Innovation has become the holy grail. Finding innovation is almost a sacred quest for the solution that will create growth, and open new eras of prosperity and well-being.
Unfortunately, like many things called holy, the concept of innovation is invoked ritually and ceremonially more than it is embraced in practice.
For all the talk about innovation, I see many leaders in numerous organizations in every sector who actively stifle it. They say they want more innovation. But at the same time, they seem to operate by a set of hidden principles designed to prevent innovations from surfacing or succeeding. I’ve compiled them into a set of anti-rules. Acting in these nine ways guarantees that there will be little or no innovation of any significance, because no one had the time, money, or motivation to innovate:
- Be suspicious of any new idea from below — because it’s new, and because it’s from below. After all, if the idea were any good, we at the top would have thought of it already.
- Invoke history. If a new idea comes up for discussion, find a precedent in a an earlier idea that didn’t work, remind everyone of that bad past experience. Those who have been around a long time know that we tried it before, so it won’t work this time either.
- Keep people really busy. If people seem to have free time, load them with more work.
- In the name of excellence, encourage cut-throat competition. Get groups to critique and challenge each other’s proposals, preferably in public forums, and then declare winters and losers.
- Stress predictability above all. Count everything that can be counted, and do it as often as possible. Sweep any surplus into master accounts, and eliminate any slack. Favor exact plans and guarantees of success. Don’t credit people with exceeding their targets because that would just undermine planning. Insist that all procedures be followed.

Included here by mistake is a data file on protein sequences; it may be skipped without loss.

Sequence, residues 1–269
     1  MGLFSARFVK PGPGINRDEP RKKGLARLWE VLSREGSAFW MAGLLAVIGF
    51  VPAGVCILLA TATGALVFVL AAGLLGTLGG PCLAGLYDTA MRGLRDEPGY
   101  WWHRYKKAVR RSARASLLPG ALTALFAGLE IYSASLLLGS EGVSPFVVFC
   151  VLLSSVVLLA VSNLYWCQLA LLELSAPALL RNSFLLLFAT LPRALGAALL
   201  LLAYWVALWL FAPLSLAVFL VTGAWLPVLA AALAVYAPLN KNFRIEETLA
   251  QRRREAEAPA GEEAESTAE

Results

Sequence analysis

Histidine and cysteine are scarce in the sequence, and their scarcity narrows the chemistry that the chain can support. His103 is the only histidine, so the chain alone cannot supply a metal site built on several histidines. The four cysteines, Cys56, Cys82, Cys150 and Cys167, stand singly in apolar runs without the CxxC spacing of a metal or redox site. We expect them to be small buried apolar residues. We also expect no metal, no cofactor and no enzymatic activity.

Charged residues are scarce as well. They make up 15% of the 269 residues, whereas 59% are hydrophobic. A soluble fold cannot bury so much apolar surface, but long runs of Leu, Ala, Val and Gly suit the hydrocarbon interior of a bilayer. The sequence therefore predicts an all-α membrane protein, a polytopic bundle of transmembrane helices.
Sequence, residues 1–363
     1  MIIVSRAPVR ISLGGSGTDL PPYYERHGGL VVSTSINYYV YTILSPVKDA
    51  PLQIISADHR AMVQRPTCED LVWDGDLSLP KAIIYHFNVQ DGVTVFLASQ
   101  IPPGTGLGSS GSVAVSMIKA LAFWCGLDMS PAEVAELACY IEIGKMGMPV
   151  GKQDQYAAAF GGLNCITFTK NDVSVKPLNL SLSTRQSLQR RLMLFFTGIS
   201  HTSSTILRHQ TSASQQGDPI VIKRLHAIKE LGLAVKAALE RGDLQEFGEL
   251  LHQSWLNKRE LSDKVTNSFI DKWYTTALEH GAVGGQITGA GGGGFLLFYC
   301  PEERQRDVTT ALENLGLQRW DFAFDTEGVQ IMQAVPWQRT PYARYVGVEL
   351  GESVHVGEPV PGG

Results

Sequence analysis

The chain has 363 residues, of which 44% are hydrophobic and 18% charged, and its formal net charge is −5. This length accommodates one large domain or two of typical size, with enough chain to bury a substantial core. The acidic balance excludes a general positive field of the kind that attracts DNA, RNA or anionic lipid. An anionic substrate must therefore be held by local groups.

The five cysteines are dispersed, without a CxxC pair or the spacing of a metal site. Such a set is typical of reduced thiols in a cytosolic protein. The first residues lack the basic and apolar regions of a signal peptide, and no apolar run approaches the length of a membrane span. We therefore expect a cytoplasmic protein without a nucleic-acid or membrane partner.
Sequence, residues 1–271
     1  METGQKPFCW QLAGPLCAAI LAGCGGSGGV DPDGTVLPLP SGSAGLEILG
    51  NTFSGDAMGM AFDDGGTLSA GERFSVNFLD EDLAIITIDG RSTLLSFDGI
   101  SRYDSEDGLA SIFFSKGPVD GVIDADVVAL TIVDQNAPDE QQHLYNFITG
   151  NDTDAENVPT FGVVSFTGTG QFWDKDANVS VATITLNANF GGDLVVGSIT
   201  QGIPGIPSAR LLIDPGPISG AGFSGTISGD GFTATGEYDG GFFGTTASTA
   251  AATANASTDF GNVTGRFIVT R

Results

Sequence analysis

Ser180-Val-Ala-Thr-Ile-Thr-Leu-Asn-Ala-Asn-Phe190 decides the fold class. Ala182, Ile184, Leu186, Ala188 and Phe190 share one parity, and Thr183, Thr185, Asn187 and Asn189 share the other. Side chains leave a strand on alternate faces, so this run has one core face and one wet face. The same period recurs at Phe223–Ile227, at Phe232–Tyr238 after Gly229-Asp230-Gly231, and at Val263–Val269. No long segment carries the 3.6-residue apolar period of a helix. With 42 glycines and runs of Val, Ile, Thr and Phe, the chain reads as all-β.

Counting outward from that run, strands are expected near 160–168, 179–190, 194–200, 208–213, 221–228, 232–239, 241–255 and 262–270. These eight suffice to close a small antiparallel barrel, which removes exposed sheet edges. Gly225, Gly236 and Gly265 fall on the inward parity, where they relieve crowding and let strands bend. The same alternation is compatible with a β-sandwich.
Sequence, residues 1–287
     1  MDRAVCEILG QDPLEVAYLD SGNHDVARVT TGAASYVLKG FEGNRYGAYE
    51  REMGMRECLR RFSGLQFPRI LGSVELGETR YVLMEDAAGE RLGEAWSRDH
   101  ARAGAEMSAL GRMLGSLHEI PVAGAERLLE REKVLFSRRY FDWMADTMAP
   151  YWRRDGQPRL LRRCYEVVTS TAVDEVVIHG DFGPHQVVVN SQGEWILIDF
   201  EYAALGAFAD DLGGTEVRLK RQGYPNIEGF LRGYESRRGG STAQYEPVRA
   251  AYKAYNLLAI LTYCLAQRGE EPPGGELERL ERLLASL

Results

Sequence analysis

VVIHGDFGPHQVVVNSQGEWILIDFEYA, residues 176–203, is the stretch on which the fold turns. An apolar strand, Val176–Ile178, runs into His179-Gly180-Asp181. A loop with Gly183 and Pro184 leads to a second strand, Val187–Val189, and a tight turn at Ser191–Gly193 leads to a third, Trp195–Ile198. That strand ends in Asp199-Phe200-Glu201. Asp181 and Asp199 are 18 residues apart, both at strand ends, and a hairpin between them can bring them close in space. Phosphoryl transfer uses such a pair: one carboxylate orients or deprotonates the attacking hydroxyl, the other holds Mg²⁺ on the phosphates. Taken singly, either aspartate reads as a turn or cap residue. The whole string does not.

- Confine discussion of strategies and plans to a small circle of trusted advisors. Then announce big decisions in full-blown form. This ensures that no one will start anything new because they never know what new orders will be coming down from the top.
- Act as though punishing failure motivates success. Practice public humiliation, making object lessons out of those who fail to meet expectations. Everyone will know that risk-taking is bad.
- Blame problems on the incompetent people below — their weak skills and poor work ethic. Complain frequently about the low quality of the talent pool today. If that doesn’t undermine self-confidence, it will undermine faith in anyone else’s ideas.
- Above all, never forget that we got to the top because we already know everything there is to know about this business.
Following these rules ensures that innovation will wither on the vine, if it even surfaces in the first place. That is often just fine with established interests, who would rather be protected against the nuisance of change. It’s not so fine for success in a highly dynamic environment that demands new solutions.
Leaders who want to nurture innovation can reverse the anti-innovation rules and eliminate the practices that stifle innovation, in order to create a pro-innovation culture. For each of these innovation-stiflers, innovation-promoters can move to the opposite behaviors. In a culture of innovation, these actions allow innovation to flourish:
- Encourage new ideas, especially from below and from unexpected sources.
- Look ahead, not behind. The past is prologue but not necessarily precedent.
- Leave some slack for experimentation, whether spare time or seed money.
- Look for improvements, not critiques. Encourage collaboration toward common goals.
- Be flexible. Stress substance over form, action over calendar. Allow for unplanned opportunities.
- Open strategic discussions to new voices.
- Accept that stretch goals mean some things won’t work. Avoid public humiliation; promote public recognition for innovative accomplishments.
- Foster respect for people and their talents.
- And know learning is an imperative. Everyone, even the most experienced, must be open to learning.
Leaders seeking innovation should adhere to these pro-innovation principles. But it might also be a good idea to keep the innovation-stiflers posted as a reminder of what not to do.
By Rosabeth Moss Kanter